Private or general messages can be silently passed between participants or the entire group without interrupting the meeting. Testing this and announcing this feature at the beginning of the mediation gives the participants tools that will help them communicate when they are in breakout rooms.
Keep Participants Engaged
Unlike a physical meeting where separated parties can open the door and venture into the hall, electronic breakout rooms can be very isolating. When you are left in a breakout room, you cannot see or hear what other parties are doing or if they are still present. At the same time, you are normally communicating from a familiar place and probably have a million things there to distract you.
To minimize this isolation and distraction, it is important to affirmatively keep the parties engaged by meeting together (so they can see who is present), asking questions to get participants talking, giving assignments when not in a room, and sending chat messages when visits to a room are delayed.
Keep Parties Civil
Because controlling parties when you are not physically present will be difficult (e.g., by seating positions, standing up, turning around, raising a hand, etc.), it is important to set the ground rules early in the mediation. Remind the parties — especially the more warrior-oriented parties — that a mediation requires the agreement of both parties.
Harsh attacks usually only result in defensive counterattacks. No one likes to be told they are wrong — especially lawyers in front of their clients. Disrespectful dominant talk does not normally encourage opposing parties to surrender to the other side.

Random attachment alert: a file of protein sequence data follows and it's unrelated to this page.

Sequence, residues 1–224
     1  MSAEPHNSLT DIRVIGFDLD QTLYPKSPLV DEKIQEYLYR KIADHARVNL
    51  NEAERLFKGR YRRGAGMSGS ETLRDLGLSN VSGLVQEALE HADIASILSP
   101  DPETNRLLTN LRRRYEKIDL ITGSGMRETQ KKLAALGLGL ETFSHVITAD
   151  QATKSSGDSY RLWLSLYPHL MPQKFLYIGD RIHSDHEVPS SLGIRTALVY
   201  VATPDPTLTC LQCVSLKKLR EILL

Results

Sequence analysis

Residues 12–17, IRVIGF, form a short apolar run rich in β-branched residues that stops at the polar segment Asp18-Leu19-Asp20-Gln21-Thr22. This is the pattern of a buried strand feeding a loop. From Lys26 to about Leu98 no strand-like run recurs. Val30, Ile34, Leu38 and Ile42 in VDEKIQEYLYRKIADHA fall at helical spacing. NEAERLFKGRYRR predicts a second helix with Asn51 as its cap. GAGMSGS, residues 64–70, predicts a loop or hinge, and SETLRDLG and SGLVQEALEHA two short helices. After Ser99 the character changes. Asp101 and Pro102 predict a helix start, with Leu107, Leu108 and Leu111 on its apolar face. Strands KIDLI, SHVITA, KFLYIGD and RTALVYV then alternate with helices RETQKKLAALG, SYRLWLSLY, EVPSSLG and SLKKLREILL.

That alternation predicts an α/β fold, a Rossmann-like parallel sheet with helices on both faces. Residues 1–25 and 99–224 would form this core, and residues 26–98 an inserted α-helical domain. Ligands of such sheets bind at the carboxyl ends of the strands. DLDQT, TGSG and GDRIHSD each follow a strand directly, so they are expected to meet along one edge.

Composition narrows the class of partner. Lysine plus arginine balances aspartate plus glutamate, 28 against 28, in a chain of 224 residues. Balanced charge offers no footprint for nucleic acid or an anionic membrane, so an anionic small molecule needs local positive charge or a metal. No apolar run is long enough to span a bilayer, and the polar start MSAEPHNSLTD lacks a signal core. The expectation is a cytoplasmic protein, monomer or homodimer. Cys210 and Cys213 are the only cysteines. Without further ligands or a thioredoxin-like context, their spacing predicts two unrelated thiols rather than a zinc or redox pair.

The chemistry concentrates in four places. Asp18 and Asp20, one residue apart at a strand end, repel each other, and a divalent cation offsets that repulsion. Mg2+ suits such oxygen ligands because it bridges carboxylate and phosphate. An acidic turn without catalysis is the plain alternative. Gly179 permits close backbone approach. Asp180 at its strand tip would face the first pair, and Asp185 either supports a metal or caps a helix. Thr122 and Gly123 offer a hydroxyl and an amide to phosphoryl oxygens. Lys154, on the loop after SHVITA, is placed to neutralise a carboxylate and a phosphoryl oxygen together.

Unlike sports or war, mediation is not about scoring points or slaying the other side. It is about moving the parties to join together in a voluntary agreement. It is about being on the same team. Active listening, questions, brainstorming, collaboration and empathy are more likely to move parties together than demonizing the character, ethics and motivations of the other side.
Exchange Contact Numbers
Nothing ever works perfectly. Exchange alternate contact numbers to allow each of the participants to let at least the mediator know of any technical or personal problem that may arise in the midst of the mediation.
It is not perfect. In-person meetings and the opportunity for side chats over coffee or snacks are better. But in the midst of this COVID-19 crisis, internet conferencing is a practical way to convey and receive essential nonverbal messages that are now diminished by our current social distancing.
Sidney Kanazawa is a full-time mediator and arbitrator at ARC.
The opinions expressed are those of the author(s) and do not necessarily reflect the views of the firm, its clients, or Portfolio Media Inc., or any of its or their respective affiliates. This article is for general information purposes and is not intended to be and should not be taken as legal advice.